VoIP: the next generation of business communication

In the world of business communication, Voice Over Internet Protocol (VoIP) is a life-changing application for business owners. Like sending emails, VoIP consists of phone calls sent as data over the web and thereby reducing the cost of business communication drastically. It offers more advantages than traditional telephone services do including increased productivity and keeping businesses connected to their essential stakeholders.

Despite these advantages and its growing popularity, some small to medium businesses are still doubtful about VoIP’s audio fidelity, cost, and some difficulties in its implementation. While quality, performance and maintenance may have been problematic when VoIP technology was initially launched, today the benefits of VoIP far outweigh any disadvantages.

Although traditional telephones were and, in some instances, still are the backbone of global businesses, location is a limitation since accepting a telephone call is only possible within proximity of the telephone system. Additionally, they are expensive to operate and businesses can end up with telephone bills of thousands over a few weeks. These are not problems experienced by with VoIP users since they can take and make calls anytime, anywhere, at a relatively small fee.

Traditional telephones are limited to only two callers at any one time while most VoIP services allow conference calls with up to 100 users as a standard feature, with collaborative options for sharing feedback and presentations. In today’s fast-moving world, the lack of features in traditional telephony has e made the technology redundant. VoIP has advanced features such as caller ID, contact lists, voicemail, extra-virtual numbers, and document sharing, call recording video calls which are not with traditional telephones.

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Migrating from traditional land lines to VoIP

Companies can prepare for the initial interruption that a migration may involve by understanding that VoIP is always evolving which provides an opportunity to access improved services and better features. To ease the transition, companies need to identify and define their goals and be aware of the impact a VoIP installation will have on the following three main groups, namely executives, customer-facing staff, and IT.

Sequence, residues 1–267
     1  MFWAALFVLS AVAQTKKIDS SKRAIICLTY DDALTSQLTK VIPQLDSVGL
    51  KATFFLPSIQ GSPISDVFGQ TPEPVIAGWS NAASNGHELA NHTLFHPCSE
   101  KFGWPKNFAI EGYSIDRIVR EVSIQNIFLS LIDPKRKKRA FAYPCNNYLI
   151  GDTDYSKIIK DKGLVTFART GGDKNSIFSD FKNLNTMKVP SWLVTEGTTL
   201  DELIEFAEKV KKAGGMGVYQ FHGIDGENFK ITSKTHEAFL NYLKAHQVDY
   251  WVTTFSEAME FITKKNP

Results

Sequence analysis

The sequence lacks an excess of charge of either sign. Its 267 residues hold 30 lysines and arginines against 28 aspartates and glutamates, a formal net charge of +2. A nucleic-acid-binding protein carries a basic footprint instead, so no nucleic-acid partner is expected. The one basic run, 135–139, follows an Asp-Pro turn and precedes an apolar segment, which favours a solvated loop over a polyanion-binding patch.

Training will be required for frontline or customer-facing staff as the most critical users of the new VoIP system. However, the potential advantages of VoIP will eliminate any transition problems as these employees will grasp how their productivity will increase. Executives will mostly be interested in the cost-effectiveness, increased productivity, and the integration of the new system into a full Unified Communications platform. Since VoIP’s user-friendly installation is simple, and updates are downloaded automatically, a company’s IT team who will be responsible for the new system, will have time is freed up to work on more pressing matters.

VoIP has three basic deployment models including on-premise, cloud and hybrid models. On-premises deployment is fundamentally an extension of a legacy phone system and the software is installed on-site in company servers. It provides greater control of the system and the change is less disruptive but is more expensive and may require a full-time support team.

The opposite of on-premises deployment is Cloud deployment with software maintained outside of the organisation in another company’s data centre. It is the most popular option for smaller and medium-sized enterprises. Companies can also select a hybrid option which involves both previously mentioned installations.

When a VoIP system is installed and running, organisations can take full advantage of the fact that it is always on and can remotely bring teams closer together through Unified Communications features. Unified Communications integrates numerous products under a consistent user interface that provides the services such as voice, instant messaging (IM/chat), audio, web, and video conferencing, data sharing, desktop sharing, fixed-mobile convergence, call control, and speech recognition.

Unified communications can become a major competitive advantage for businesses that utilise a variety of different messaging tools and collaboration platforms. With a single, unified interface for all the different platforms, users become more focused and productive. Smaller companies with more limited resources looking to leverage technology to become more competitive find it particularly useful.

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